tote wrote:Hi, After burning wood for most of this winter ,I picked up a few bags of anthracite(nut) after depleting my wood supply. Now i'm a little disillusioned with the results.
Hopefully it's a coal/wood burner, you have to burn it in a stove designed to burn coal. If it's wood only you're going to experience trouble and most likely will damage the stove shortly.
Here's why: coal is hard to start : I seem to be spending a lot more time in the cellar coaxing a coal fire to burn than I do with the wood. Heat: wood gets the stove hotter /faster .
The wood may light faster, it may burn hotter initailly but it is no comparison to coal once it's lit. The key to starting a coal fire is patience, first build a wood fire, get it good and hot. Make sure you have the bottom draft fully open. Add some coal, about an inch, it should begin to crackle immediately, if it doesn't your fire is not hot enough. Wait a minute or two
Slowly keep adding more until you have filled the stove completely
. That doesn't mean until you have filled every nook and cranny but whatever the stove is capable holding in the firebox. At this point you should have blue wisps coming up through the coal that hasn't lit yet. Once you have sufficient fire going put the draft back to almost nothing....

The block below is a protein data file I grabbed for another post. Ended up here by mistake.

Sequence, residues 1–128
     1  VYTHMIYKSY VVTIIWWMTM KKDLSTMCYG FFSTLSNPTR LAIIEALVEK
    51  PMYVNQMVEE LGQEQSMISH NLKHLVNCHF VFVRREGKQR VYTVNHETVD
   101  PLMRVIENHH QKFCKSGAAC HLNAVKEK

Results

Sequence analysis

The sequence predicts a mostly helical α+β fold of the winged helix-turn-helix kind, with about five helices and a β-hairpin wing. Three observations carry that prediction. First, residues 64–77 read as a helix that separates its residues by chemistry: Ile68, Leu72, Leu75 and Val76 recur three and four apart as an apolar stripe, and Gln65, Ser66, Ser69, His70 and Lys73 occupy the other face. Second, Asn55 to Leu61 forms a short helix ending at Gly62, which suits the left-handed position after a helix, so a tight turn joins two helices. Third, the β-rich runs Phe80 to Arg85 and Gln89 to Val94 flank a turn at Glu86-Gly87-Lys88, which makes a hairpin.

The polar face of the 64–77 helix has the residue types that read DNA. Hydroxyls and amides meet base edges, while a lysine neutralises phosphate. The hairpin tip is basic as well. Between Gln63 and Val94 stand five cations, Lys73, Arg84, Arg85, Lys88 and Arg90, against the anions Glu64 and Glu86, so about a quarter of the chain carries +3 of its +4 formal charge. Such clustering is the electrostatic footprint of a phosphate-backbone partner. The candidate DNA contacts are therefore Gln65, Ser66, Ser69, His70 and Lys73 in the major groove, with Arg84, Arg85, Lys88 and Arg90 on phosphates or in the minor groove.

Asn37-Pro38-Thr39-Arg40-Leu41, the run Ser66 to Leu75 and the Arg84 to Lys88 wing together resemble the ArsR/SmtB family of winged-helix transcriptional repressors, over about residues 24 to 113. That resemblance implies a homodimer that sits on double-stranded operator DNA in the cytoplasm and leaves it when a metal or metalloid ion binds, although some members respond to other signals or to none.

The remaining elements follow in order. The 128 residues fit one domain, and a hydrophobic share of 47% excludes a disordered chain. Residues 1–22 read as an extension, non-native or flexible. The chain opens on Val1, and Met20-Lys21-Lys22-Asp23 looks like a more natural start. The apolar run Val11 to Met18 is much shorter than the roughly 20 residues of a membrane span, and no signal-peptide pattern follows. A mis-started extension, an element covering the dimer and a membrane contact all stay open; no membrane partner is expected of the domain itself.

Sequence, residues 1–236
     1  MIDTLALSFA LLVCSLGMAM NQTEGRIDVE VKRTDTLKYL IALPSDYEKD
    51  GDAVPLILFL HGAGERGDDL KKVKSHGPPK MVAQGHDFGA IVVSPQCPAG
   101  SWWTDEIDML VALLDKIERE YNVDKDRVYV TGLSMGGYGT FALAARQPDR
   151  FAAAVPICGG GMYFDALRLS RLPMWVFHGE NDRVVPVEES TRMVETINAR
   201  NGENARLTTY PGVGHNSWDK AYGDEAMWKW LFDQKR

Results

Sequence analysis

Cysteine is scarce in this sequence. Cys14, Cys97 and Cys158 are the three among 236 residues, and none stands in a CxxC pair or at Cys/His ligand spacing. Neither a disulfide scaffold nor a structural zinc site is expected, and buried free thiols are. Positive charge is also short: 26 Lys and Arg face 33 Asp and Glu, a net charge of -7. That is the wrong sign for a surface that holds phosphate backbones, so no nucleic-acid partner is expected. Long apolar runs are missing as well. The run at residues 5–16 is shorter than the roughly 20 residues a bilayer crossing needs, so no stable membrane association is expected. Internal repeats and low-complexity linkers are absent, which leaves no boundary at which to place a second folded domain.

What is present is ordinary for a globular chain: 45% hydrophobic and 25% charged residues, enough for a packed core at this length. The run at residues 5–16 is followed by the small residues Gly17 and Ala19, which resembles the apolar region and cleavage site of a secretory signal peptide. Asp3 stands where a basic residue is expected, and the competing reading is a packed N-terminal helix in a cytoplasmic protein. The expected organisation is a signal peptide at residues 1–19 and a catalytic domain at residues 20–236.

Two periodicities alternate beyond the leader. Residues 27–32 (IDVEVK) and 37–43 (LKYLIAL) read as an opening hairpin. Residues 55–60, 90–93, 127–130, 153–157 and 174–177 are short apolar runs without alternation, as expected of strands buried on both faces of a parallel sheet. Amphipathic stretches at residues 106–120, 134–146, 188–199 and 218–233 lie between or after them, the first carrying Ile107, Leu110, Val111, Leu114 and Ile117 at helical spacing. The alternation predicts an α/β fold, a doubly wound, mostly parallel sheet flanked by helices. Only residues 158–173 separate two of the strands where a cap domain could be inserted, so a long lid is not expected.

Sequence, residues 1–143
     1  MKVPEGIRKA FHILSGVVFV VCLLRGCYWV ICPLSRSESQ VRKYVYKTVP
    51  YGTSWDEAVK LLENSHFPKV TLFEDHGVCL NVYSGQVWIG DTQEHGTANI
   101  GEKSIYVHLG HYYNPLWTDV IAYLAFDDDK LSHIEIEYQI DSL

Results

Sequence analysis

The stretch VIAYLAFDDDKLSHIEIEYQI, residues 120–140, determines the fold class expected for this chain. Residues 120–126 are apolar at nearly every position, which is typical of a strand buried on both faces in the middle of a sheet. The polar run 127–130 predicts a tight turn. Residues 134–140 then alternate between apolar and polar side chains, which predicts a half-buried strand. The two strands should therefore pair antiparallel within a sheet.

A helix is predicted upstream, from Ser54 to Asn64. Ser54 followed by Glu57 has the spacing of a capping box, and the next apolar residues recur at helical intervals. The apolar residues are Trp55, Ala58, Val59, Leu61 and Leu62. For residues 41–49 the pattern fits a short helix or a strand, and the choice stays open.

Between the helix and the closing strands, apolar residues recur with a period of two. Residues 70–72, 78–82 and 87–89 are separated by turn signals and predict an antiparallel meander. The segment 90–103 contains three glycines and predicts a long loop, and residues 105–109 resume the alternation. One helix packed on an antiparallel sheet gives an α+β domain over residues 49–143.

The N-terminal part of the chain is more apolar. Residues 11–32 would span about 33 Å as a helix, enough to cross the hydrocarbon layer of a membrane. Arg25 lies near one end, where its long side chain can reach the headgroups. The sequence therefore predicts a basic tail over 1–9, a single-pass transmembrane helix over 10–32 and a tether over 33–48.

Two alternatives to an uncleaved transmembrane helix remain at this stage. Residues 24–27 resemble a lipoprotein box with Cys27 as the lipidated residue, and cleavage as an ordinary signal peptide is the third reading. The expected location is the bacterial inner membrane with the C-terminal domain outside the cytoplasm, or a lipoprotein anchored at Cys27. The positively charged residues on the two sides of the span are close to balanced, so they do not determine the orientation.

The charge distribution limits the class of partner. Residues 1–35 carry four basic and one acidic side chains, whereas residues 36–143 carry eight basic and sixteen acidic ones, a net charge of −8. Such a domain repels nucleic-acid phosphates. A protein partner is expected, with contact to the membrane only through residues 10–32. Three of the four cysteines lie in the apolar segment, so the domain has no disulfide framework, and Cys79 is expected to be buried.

Keep in mind what you do now takes a while to take affect... Closing the draft off after you have a huge fire going isn't going to slow it down for quite a long time.
Once it's lit, don't poke it, don't shake it, don't even look at it funny. Leave it alone until your ready to shake and add more coal. One of the benefits of coal is the long burn time, you should easily get 12 hours out of it on single loading and shaking. Therefore most people keep their fires going for the entire season so you should only have to light it once.
Unburned fuel: Virtually none with wood, and when I went to take out the ash bin which has the unburned chunks and spent chunks it weighs a ton .
A) Your probably not giving it suffient time to burn and/or shaking it out before it burns. Again you have to have patience
B) Could be the product is not that great, but most hand fired units usually burn even sub standard product up to almost nothing. Unless it's all rock you should at the very least get it burnt to a semi ash for lack of a better term.
Most people who switch from woo to coal experience the same problems as you, they have there habits for burning wood which work great for wood but do not apply to coal. It's a whole different ballgame.
Any tips /encouragement is welcome. p.s I like the thought of handling coal vs. wood especially if the cost is comparable. Thanks
Cost comparison depends... In most cases in the end coal is cheaper, I even have a few customers who sell wood that burn coal to heat there homes if that tells you anything.